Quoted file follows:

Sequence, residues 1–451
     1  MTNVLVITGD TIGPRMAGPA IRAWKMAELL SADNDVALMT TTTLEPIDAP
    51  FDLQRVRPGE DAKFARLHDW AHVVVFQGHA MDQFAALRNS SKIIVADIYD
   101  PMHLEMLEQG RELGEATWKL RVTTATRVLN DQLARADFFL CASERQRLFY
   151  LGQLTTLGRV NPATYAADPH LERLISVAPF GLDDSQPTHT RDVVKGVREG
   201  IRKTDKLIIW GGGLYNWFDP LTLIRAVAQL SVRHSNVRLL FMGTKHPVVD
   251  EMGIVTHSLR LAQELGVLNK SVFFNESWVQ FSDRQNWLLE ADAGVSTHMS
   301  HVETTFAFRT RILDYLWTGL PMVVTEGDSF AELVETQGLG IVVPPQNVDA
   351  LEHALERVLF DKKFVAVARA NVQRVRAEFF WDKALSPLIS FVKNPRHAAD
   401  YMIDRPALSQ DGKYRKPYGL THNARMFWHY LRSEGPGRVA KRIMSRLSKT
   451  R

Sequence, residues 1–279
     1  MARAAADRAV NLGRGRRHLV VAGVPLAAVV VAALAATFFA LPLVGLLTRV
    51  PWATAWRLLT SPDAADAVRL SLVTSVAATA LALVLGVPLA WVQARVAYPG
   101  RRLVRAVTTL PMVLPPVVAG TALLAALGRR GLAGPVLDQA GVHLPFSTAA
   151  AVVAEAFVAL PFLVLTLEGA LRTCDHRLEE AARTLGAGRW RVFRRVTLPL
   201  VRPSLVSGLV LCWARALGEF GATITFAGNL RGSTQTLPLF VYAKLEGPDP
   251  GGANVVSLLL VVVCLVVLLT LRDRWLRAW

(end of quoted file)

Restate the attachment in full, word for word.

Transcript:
Sequence, residues 1–451
     1  MTNVLVITGD TIGPRMAGPA IRAWKMAELL SADNDVALMT TTTLEPIDAP
    51  FDLQRVRPGE DAKFARLHDW AHVVVFQGHA MDQFAALRNS SKIIVADIYD
   101  PMHLEMLEQG RELGEATWKL RVTTATRVLN DQLARADFFL CASERQRLFY
   151  LGQLTTLGRV NPATYAADPH LERLISVAPF GLDDSQPTHT RDVVKGVREG
   201  IRKTDKLIIW GGGLYNWFDP LTLIRAVAQL SVRHSNVRLL FMGTKHPVVD
   251  EMGIVTHSLR LAQELGVLNK SVFFNESWVQ FSDRQNWLLE ADAGVSTHMS
   301  HVETTFAFRT RILDYLWTGL PMVVTEGDSF AELVETQGLG IVVPPQNVDA
   351  LEHALERVLF DKKFVAVARA NVQRVRAEFF WDKALSPLIS FVKNPRHAAD
   401  YMIDRPALSQ DGKYRKPYGL THNARMFWHY LRSEGPGRVA KRIMSRLSKT
   451  R

Sequence, residues 1–279
     1  MARAAADRAV NLGRGRRHLV VAGVPLAAVV VAALAATFFA LPLVGLLTRV
    51  PWATAWRLLT SPDAADAVRL SLVTSVAATA LALVLGVPLA WVQARVAYPG
   101  RRLVRAVTTL PMVLPPVVAG TALLAALGRR GLAGPVLDQA GVHLPFSTAA
   151  AVVAEAFVAL PFLVLTLEGA LRTCDHRLEE AARTLGAGRW RVFRRVTLPL
   201  VRPSLVSGLV LCWARALGEF GATITFAGNL RGSTQTLPLF VYAKLEGPDP
   251  GGANVVSLLL VVVCLVVLLT LRDRWLRAW